Celadon Books talked to Ashton Applewhite, author of This Chair Rocks: A Manifesto Against Ageism (out March 2019) about what ageism means, when it starts, and what the “U-Curve” is.
In the simplest terms, ageism is discrimination based on a person’s age. What are some of the subtler ways we see ageism every day?
Ageism is everywhere. Open a magazine, watch TV, or go to a party—mixed-age social events are rare in the U.S. (unless it’s a family gathering). The most uncomfortable and important place to look for ageism is between our own ears. Think about how often you attach age, usually disparagingly, to something about yourself or someone else that doesn’t actually have anything to do with age. Unless we stop to question these ways of thinking, over time they become part of our identity, making older people the most ageist of all.
Read more: What Is Ageism—and How Can We End It?
In the introduction to This Chair Rocks, you say your octogenarian in-laws, booksellers at the time, inspired the book by suggesting that you write about the question they kept encountering: “When are you going to retire?”
Ruth and Bill were remarkable in that they were successful entrepreneurs into their late 80s. When I heard the idea, my ears perked up, because I was 55 at the time, starting to think about “getting old,” and I was terrified! I thought, “Oh! There’s an upbeat, sound-bite friendly way to approach the subject.”
I started interviewing people over 80 and researching longevity. I got to meet all these amazing 80- and 90-year-olds and it didn’t take long to realize that almost everything I thought I knew about late life was way off base—way too black-and-white and way too negative. The idea that it’s all a downhill slide is clearly not true when we open our eyes and look at the older people all around us.
What are some of the most unexpected facts you’ve come across about aging?
I thought the odds of ending up in some evil nursing home were pretty good if I lived long enough. It turns out that when I started this project a decade ago, the percentage of Americans over 65 in nursing homes was only 4 percent. I would have guessed 20 or 30 percent. It’s now 2.5 percent and dropping. Even for people 85 and up, it’s only 9 percent.
And Alzheimer’s is not typical of aging. One in ten people 65 and up develop the condition, which means 90 percent don’t. Alzheimer’s is a terrifying disease and a massive public health challenge—mainly because we don’t support caregivers—but what most people don’t know is that the rates are declining. So, our fears are out of proportion, which itself is harmful because stress and anxiety are bad for our health.
You discuss the “U Curve of Happiness” in the book—the idea that we’re happiest at the beginning and end of our lives. Where have you seen it in action?
It’s referenced all over the place, but when I first encountered it, I was so skeptical. I thought they must have pulled over two 80-year-olds, given them a cookie, and asked, “How’re you doing?” Then I assumed they must have found two rich 80-year-olds, or two healthy 80-year-olds, or two happily coupled 80-year-olds. But the U-curve can be found across countries, across class, across marital status.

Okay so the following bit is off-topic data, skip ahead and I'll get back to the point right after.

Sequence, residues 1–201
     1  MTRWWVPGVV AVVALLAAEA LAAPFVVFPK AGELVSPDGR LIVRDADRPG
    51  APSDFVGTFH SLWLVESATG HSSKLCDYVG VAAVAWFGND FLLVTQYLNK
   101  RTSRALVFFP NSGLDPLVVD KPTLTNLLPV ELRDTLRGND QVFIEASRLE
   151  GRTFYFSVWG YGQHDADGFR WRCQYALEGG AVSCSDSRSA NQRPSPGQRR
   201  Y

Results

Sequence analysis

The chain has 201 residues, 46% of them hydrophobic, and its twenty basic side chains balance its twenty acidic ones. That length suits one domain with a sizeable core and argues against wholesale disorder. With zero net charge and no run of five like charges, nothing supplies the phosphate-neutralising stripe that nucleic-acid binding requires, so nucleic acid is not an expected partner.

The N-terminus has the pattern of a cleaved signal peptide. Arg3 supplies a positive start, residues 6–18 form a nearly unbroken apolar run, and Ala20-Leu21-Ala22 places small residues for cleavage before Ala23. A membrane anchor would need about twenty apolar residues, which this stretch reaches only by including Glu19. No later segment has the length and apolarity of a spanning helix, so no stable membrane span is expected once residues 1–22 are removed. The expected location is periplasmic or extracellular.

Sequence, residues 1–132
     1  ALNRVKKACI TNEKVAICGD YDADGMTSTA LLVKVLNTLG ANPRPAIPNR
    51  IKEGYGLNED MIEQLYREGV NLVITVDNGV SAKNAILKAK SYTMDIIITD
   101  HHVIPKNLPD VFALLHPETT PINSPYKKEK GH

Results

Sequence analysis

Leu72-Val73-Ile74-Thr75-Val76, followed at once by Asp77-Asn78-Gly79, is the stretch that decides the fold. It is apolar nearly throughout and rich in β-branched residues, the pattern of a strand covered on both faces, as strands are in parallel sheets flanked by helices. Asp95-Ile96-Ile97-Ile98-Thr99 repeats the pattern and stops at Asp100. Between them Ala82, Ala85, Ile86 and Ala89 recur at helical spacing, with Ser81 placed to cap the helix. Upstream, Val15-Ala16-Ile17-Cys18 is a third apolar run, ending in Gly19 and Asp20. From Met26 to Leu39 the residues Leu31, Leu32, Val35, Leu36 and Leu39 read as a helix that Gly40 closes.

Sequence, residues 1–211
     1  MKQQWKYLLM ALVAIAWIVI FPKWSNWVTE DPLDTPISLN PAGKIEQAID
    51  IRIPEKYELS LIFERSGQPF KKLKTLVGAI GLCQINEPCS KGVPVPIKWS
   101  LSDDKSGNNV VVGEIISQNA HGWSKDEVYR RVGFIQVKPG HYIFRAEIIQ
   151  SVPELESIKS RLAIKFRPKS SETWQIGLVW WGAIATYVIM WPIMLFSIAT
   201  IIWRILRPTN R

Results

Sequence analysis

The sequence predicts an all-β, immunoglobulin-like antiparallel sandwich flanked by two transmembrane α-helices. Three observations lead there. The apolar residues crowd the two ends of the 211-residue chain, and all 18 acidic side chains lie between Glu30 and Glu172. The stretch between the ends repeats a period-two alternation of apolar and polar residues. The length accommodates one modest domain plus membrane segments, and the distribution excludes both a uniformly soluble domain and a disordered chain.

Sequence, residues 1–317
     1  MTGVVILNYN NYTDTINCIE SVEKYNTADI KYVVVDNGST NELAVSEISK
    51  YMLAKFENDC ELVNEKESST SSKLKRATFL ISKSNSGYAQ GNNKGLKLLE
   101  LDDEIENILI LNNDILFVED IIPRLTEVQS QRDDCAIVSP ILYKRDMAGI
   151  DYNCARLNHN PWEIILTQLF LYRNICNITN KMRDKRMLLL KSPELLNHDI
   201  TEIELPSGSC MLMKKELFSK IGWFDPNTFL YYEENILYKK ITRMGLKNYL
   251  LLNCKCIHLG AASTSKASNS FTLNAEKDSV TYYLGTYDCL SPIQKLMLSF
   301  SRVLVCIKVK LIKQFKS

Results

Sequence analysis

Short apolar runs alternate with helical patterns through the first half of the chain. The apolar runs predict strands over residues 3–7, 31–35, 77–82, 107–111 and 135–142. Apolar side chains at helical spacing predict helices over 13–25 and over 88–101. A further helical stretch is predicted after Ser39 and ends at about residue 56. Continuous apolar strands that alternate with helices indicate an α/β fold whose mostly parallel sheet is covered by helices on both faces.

So, the old saying “it’s all downhill after 50” isn’t true?
No! In mid-life, you probably have peak obligations on the job, you may have responsibilities for both older and younger family members, you’re supposed to be saving for retirement, and it’s the time when you realize, “Oh, crap. I’m probably never going to become that ballerina or astronaut.” That’s hard, and it’s human, but it’s also a function of ageism. The message is: “If you think it sucks now, just wait, because the longer you live, the worse it’s going to get.” That is patently false.
Read more: Ashton, Is This Ageist?
New research from Stanford Graduate School of Business reports that older men are experiencing higher rates of ageism in the workplace than women. Based on your research, why do you think that is?
Women face the double whammy of ageism and sexism, mainly because we’re judged more harshly for our failure to continue to “look young.” Economists have a charming name for this: the “attractiveness penalty.” The idea is that as powerful women age, the business world cuts them a little slack by turning them into less threatening “grannies,” which spares them the hostility directed at older men who decline to shuffle offstage. But you never hear of a group of old men described as “grandpas,” do you? A separate standard for women, especially one that neuters and condescends, never works to our ultimate advantage.
Interestingly, ageism is the first form of discrimination that many white men encounter. I’m hoping that some of those men are willing to do the uncomfortable reckoning involved and join the movement. They could become powerful spokespeople about how awful it is to be discriminated against on the basis of anything about ourselves we cannot change—discrimination that people of color have experienced for far longer and with far more terrible consequences.
People assume ageism refers only to the treatment of older people. Are younger people affected as well, and how?
We live in a youth-obsessed society, so older people do bear the brunt of ageism. But we’re being ageist anytime we come to an assumption about a person or a group of people on the basis of how old we think they are. Don’t you remember being disrespected as a teenager by people who assumed you were irresponsible? That’s ageism, too. Just as aging begins the minute we’re born, ageism casts a shadow across our entire lives.